“We encourage law enforcers to be professional in carrying out their tasks. They must ensure that their attempts to find the perpetrators do not turn into seeking revenge against all Papuans,” Ferry Marisan from the Institute for Policy Research and Advocacy (Elsam) said in Jayapura on Monday.

The TNI has loudly complained in Indonesian media of hurt feelings about the loss of its soldiers, with the National Human Rights Commission (Komnas HAM) leaders have been forced to apologise for “insensitive” remarks saying killing soldiers is not a human rights abuse.   But not all observers are showing sympathy for the loss of the soldiers lives, pointing to the fact that the military are occupying Papuan land against the wishes of the local people.

“One has to remember that soldiers who were shot were Kopassus special forces who have been involved in ongoing human rights abuses right across Puncak Jaya, including village burnings, collective arrests and punishment, burning of villages, and acts of torture.  Many observers suspect these soldiers were part of units involved in conducting many OTK (Unknown persons) shootings blamed on West Papuans,” a long time human rights worker in the highlands told West Papua Media by email.  “These are not innocence, nor babes in the woods; Kopassus are the original wolves in the forest.”

Still, other observers believe the actions point to an assertion of tribal identity, as a complex motivator behind the declaration of Papuan sovereignty inherent in the armed resistance against Indonesia’s militarist policy in the highlands.  An Australian church worker who worked for many years with highland communities in Puncak Jaya made the observation to West Papua Media that this was not simply an act of resistance to Indonesian colonisation, but an assertion of traditional and indigenous Papuan law and cultural survival against the onslaught of an occupying colonial army.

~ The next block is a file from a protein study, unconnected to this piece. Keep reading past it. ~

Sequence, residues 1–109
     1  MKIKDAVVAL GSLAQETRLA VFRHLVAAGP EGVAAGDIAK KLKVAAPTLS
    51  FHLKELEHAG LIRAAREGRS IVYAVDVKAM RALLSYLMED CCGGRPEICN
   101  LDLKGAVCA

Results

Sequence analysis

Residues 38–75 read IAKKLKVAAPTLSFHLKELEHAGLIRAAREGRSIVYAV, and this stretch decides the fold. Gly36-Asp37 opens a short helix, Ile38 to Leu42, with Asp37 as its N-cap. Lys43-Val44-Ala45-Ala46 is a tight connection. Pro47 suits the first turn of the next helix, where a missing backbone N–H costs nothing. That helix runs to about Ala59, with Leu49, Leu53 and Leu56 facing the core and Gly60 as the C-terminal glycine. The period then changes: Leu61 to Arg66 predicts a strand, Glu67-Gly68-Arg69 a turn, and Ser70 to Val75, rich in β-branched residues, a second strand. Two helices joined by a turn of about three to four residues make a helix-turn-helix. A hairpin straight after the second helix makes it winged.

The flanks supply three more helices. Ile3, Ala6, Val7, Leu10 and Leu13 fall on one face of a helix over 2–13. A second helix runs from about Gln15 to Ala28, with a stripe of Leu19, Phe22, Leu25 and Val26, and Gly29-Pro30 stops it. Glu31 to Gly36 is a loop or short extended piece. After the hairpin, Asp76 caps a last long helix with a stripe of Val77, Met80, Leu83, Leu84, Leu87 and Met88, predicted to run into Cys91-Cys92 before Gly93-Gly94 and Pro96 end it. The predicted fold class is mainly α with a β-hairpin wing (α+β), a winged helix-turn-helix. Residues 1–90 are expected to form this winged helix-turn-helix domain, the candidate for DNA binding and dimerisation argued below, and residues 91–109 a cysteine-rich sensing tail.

“This must be looked at from another perspective that is relevant.  As many indigenous communities including Australian Aboriginal Peoples and traditional highland Papuan people, observe around the world, if outsiders came into their sacred lands, they would also feel compelled at whatever cost to themselves to spear the outsider to compensate (violations of) their traditional law if they belonged to the clan that was legally responsible (under customary law) to guard that site,”  she explained.

“Indigenous Law is simply not negotiable on things like that. Things have only changed in Australia because non-Indigenous systems have for years now in Australia been locking up those indigenous peoples who have acted to maintain their law,” the former church worker explained.

“As I understand the TNI despite warnings were acting in a way that broke the Papuans’ traditional laws regarding adat (Customary law), and as the TPN are still holding strong to their traditional laws, so they acted in accordance with the laws they are living by. I can’t see any difference at that level as Melanesian peoples separated historically but only a short distance of water. The difference is that the TPN OPM represent groups that have not yet been overcome by the laws of a colonising power whereas RI does not recognise the traditional Papuan customary laws,” she said